Having sat in it already, I'm going to disagree with you here.  The interior is cramped and most politely described as austere. The cargo area is very small.  A naturally aspirated 2.0 with 144 hp is going to feel sluggish compared to a Turbo-DI of the same net output... and I say that because the old Matrix with 158 hp felt sluggish and overworked in normal traffic. 

    I see the target demographic as young single Asian women in non-snowbelt cities who have few friends because they just moved to town.

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    1 hour ago, Drew Dowdell said:

    Having sat in it already, I'm going to disagree with you here.  The interior is cramped and most politely described as austere. The cargo area is very small.  A naturally aspirated 2.0 with 144 hp is going to feel sluggish compared to a Turbo-DI of the same net output... and I say that because the old Matrix with 158 hp felt sluggish and overworked in normal traffic. 

    I see the target demographic as young single Asian women in non-snowbelt cities who have few friends because they just moved to town.

    I don't think anyone's expectations for a $20K base MSRP CUV should be too high.  Everything seems proportional to price.  Styling is spot on for the demographic. Quality should be excellent. I see little to dislike.

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    Just now, Wings4Life said:

    I don't think anyone's expectations for a $20K base MSRP CUV should be too high.  Everything seems proportional to price.  Styling is spot on for the demographic. Quality should be excellent. I see little to dislike.

    The Ford EcoSport is better, the Chevrolet Trax is better, the Nissan Juke is better, the Jeep Renegade is better, the Honda HR-V is better, the Mazda CX3 is better.  They all start at $20k.  They all have AWD available. Most have the same or better horsepower.... or a turbo-4 that has sufficient low end grunt. All except the Juke have more room. All have nicer looking interiors.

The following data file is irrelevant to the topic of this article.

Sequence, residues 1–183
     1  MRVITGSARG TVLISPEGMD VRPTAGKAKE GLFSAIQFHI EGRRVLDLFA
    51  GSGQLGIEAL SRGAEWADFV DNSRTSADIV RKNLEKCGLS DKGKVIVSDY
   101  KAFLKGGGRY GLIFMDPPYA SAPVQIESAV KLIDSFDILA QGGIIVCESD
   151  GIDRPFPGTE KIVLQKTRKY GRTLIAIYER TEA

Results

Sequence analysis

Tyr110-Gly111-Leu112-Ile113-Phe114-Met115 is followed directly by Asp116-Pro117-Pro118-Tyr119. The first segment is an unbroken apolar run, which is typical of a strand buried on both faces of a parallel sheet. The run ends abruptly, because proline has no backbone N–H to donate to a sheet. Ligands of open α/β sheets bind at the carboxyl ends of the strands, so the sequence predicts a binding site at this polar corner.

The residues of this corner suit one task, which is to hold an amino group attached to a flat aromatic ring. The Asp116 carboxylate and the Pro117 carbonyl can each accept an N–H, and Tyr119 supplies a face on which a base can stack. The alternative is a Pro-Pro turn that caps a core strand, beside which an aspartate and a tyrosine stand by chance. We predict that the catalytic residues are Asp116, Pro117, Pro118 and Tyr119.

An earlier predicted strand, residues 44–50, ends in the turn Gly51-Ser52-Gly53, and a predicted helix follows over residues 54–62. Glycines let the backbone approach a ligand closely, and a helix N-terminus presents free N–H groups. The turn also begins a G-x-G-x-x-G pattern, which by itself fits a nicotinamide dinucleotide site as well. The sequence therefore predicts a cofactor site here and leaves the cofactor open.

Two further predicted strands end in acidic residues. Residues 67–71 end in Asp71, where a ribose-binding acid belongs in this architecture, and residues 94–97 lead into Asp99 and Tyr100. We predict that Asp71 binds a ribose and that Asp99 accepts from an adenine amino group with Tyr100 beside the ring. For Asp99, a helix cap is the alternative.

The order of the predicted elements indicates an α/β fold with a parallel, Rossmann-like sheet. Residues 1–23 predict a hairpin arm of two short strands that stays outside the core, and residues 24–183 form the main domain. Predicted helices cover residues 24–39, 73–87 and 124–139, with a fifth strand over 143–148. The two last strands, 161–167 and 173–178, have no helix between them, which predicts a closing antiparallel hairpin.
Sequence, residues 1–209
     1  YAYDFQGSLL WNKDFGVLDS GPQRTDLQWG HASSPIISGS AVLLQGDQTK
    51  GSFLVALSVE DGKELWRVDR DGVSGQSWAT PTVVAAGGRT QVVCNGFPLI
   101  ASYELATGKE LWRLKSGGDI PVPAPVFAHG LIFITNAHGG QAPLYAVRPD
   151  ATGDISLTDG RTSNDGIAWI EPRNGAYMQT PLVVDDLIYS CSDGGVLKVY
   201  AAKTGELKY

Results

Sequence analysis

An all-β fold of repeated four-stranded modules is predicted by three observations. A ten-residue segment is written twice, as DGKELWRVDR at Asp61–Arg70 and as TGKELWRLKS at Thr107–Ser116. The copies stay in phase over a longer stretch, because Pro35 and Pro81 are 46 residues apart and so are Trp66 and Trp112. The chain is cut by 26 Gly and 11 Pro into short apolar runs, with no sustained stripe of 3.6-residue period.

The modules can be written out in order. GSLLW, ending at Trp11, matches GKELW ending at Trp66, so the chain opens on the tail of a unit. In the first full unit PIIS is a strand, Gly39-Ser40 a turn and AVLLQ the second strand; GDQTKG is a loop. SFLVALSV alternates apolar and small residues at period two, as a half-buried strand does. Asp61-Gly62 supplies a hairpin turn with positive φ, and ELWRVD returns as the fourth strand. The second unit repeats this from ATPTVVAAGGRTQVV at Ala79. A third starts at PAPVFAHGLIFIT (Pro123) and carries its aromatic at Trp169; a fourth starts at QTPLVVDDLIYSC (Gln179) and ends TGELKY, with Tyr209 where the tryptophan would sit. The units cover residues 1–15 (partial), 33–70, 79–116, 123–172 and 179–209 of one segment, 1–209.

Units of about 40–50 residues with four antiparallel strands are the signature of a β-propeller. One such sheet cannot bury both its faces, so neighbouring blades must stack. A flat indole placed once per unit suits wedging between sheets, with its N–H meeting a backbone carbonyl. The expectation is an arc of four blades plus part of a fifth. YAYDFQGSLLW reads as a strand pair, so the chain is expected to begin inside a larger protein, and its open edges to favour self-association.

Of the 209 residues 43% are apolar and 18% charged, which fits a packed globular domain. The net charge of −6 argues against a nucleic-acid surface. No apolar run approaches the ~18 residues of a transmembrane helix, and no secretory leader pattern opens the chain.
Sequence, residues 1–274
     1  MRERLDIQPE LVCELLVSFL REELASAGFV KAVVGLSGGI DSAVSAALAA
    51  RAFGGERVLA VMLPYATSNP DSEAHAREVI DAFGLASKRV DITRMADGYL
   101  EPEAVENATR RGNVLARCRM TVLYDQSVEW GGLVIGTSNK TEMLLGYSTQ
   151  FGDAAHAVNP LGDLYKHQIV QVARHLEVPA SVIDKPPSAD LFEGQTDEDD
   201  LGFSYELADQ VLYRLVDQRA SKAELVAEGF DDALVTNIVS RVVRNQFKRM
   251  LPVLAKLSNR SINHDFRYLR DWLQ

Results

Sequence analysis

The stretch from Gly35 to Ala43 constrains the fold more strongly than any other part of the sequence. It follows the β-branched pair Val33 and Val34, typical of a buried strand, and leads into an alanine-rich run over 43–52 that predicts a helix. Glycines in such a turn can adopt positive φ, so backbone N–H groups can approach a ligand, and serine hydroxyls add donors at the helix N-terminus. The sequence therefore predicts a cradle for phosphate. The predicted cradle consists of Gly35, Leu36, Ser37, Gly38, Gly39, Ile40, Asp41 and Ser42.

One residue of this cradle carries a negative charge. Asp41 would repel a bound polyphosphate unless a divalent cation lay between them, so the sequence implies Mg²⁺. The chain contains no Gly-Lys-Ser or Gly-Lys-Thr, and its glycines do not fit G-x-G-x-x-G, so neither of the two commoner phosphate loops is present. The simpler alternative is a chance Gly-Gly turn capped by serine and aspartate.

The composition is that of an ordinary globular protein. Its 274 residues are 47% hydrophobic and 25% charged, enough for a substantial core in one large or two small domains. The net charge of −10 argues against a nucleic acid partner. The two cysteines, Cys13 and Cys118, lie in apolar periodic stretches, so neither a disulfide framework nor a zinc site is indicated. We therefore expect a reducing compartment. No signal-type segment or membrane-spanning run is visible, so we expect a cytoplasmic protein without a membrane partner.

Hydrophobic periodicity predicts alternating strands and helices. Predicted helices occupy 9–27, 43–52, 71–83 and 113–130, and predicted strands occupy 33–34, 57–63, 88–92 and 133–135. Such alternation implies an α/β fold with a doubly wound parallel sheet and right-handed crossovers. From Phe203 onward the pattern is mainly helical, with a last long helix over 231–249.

The Subaru Crosstrek is only $1,500 more.

    It's not like the C-HR is a particularly attractive or "cute" vehicle like a MiniCooper.

    Just about the only thing that will sell this vehicle to people is the Toyota badge.  This is something you get your teenage daughter if you live in Plano Texas and are negotiating a deal on a Tundra for yourself.

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    Only disadvantage I see is no AWD.  Probably not a huge deal at this price point, as customers will view it more as a tallish hatch than they will a weekend warrior.

    And styling looks great, inside and out.

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    On 2016-12-03 at 0:25 PM, Drew Dowdell said:

    Having sat in it already, I'm going to disagree with you here.  The interior is cramped and most politely described as austere. The cargo area is very small.

    Having also sat in one, my perception was quite different : room enough to adjust driving position and ample rear leg room to "sit behind me". Rather claustrophobic than cramped. With all those different colors, materials, textures, creases, accent lines and driver-oriented "in your face semi-floating screen" the interior could be anything but austere. I agree the boot is on the small side for the size of that thing, but not CX-3 small (let's not forget that the CH-R is bigger than HR-V, CX-3 or Renegade in the first place).